Validity of Self-reported Endometriosis

A Comparison Across Four Cohorts

A.L. Shafrir; L.A. Wise; J.R. Palmer; Z.O. Shuaib; L.M. Katuska; P. Vinayak; M. Kvaskoff; K.L. Terry; S.A. Missmer

Disclosures

Hum Reprod. 2021;36(5):1268-1278. 

In This Article

Results

The proportion of cohort participants who did not respond to mailings or had an undeliverable address ranged from 8% for NHSII first wave to 70% for BWHS (Table II). Among those contacted, 12.5% (BWHS), 16.8% (GUTS), 1.5% (NHSII first wave), and 10.8% (NHSII second wave) denied their original report of an endometriosis diagnosis. These data were not available for the E3N cohort. Of those who were contacted and did not deny their original report of an endometriosis diagnosis, 19.7% (BWHS), 91.5% (E3N), 36.7% (GUTS), 75.6% (NHSII first wave), and 56.8% (NHSII 2 wave) provided permission to obtain their medical records for review.

Among those who confirmed their diagnosis and consented to records procurement, relevant medical records were obtained and reviewed for 827 women: n =225 (BWHS), 168 (E3N), 85 (GUTS), 132 (NHSII first wave), and 217 (NHSII second wave) (Table II). We excluded 30 participants for having irrelevant medical records, as the only documents we received were unrelated to either primary care physician, surgical, or gynecologic visits. In the NHSII second wave, 211 participants had information to inform their surgical confirmation; for six individuals a pathology report but no surgical report could be procured. We noted that all six of these participants had documentation in their pathology reports of histologically confirmed endometriosis.

Among those for whom relevant medical records were reviewed, the overall confirmation proportion of self-reported endometriosis diagnosis was 84.4% (698/827), ranging from 72% for BWHS to 95% for GUTS (Table II). A pathology report was available for only 42% of surgeries (Figure 1). Among participants with surgically confirmed endometriosis, the overall histologic confirmation proportion was 92% (133/145) and ranged from 76% for GUTS to 100% for NHSII first wave (data not shown). When validation was restricted to those who self-reported a laparoscopic confirmation of their diagnosis, the overall confirmation proportion rose to 97% (367/379), ranging from 95% for NHSII second wave to 100% for NHSII first wave (Table III). Among participants for whom endometriosis was suspected prior to surgery but not visualized at surgery (surgically disconfirmed endometriosis), there was often documentation of other conditions, such as uterine fibroids or endometrial polyps, that are associated with symptoms common among women with endometriosis (e.g. chronic pelvic pain), as opposed to having no evidence of pathologic disorders (data not shown).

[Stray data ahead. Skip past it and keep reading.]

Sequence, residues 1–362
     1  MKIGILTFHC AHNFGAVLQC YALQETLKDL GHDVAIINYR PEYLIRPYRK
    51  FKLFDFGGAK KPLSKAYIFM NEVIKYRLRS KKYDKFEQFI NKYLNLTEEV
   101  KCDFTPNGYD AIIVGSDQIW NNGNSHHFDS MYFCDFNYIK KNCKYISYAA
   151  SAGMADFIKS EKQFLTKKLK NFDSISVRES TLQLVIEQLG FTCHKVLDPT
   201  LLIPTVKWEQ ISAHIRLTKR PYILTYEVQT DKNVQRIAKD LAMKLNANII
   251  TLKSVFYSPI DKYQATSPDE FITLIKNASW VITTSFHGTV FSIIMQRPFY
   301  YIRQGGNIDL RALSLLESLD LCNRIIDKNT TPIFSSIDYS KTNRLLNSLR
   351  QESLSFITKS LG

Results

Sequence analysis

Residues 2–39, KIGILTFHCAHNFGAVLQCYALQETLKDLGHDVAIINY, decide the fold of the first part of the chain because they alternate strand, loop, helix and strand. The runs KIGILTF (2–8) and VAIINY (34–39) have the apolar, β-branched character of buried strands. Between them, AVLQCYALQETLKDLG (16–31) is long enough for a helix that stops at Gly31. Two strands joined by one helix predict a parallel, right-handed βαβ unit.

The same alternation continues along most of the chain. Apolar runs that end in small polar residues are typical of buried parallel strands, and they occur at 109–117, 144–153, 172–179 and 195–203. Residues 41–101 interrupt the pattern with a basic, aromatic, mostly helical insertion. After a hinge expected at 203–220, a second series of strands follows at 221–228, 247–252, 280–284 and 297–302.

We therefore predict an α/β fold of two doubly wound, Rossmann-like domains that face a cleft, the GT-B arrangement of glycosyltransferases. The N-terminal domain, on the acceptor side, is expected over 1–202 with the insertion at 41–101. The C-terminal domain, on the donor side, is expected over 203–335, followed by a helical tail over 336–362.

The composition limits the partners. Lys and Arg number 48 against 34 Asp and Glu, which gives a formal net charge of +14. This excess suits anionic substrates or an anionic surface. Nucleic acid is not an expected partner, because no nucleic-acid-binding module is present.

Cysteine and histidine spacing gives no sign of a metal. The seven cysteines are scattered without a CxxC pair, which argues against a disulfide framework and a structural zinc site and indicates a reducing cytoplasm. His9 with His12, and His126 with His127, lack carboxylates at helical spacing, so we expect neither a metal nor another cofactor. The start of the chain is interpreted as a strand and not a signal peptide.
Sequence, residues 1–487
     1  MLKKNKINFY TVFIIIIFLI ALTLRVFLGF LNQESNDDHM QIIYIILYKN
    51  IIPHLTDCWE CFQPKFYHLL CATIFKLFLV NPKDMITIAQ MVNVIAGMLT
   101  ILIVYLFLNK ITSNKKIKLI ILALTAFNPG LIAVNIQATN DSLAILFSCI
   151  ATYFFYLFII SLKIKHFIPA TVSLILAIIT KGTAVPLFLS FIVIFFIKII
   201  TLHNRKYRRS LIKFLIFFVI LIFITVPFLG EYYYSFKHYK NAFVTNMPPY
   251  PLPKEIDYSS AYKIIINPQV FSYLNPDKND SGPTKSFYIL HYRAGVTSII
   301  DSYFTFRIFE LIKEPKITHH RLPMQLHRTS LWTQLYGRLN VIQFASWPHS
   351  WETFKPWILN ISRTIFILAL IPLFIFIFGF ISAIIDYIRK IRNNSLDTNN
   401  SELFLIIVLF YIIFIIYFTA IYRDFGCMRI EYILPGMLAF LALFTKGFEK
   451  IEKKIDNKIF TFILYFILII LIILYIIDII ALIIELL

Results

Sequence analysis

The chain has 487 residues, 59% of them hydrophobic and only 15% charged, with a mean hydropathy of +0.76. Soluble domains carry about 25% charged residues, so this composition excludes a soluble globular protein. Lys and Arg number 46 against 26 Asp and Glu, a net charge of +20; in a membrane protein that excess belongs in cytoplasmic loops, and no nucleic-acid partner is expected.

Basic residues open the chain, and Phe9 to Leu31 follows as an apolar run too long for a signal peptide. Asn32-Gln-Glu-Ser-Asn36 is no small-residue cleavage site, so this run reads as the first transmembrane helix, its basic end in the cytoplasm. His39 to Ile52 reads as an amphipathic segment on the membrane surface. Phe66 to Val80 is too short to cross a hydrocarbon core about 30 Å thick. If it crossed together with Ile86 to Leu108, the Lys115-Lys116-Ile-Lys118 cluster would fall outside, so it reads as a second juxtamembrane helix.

Figure 1.

Availability of histologic, AFS/rASRM stage, and endometriosis phenotypic characteristics from medical records. Percentage of Nurses' Health Study II 1st and second wave (NHSII W1 and NHSII W2) and Growing Up Today Study (GUTS) participants with surgically confirmed endometriosis who had a pathology report or information within the surgical record noting: American Fertility Society (AFS) or revised American Society for Reproductive Medicine (rASRM) stage; presence or absence of deep endometriosis; or presence or absence of endometrioma.

In secondary analyses, among participants who did not self-report a laparoscopic confirmation in the NHSII and GUTS, the overall confirmation proportion varied substantially among cohorts—ranging from 56% in NHSII first wave to 100% in NHSII second wave—although these estimates were based on small sample sizes (Table III). Among the women who did not self-report a laparoscopic confirmation but were found to have a report of surgically visualized endometriosis within their medical records, six had a hysterectomy (NHSII) and the remaining four (GUTS) received a clinical diagnosis before their laparoscopic surgery. In the BWHS, confirmation proportions were somewhat higher among women who had reported laparoscopic confirmation on their questionnaire—74.8% (134 of 179)––as compared with those who had not reported laparoscopic confirmation—61.8% (28 of 46) (data not shown). However, the first two (1995 and 1997) BWHS questionnaires did not ask about laparoscopic confirmation of endometriosis; therefore, some of those in the group who had not reported laparoscopic confirmation would probably have reported laparoscopic confirmation if asked, thereby raising the first proportion and lowering the second. The overall confirmation proportion did not vary between NHSII second wave participants who were never infertile (94.9%) compared with those who concurrently reported infertility and an endometriosis diagnosis (95.2%; Supplementary Table SI). However, the surgical confirmation proportion was higher in the concurrent infertile group (98%) compared with the never infertile group (89%).

For GUTS and NHSII 1st and second waves, attempts for abstraction of details on stage (AFS or rASRM when available), histologic findings, and visualized endometriosis macro-phenotypic presentation (endometrioma(s) and deep endometriosis) from the medical records showed that this information was most often absent (Figure 1). The proportion of medical records among participants with surgically confirmed endometriosis and any stage information varied from 13% in NHSII second wave to 44% in NHSII first wave. Only 3% of NHSII second wave and 6% of GUTS records mentioned the presence or absence of deep endometriosis among participants with surgically confirmed endometriosis.

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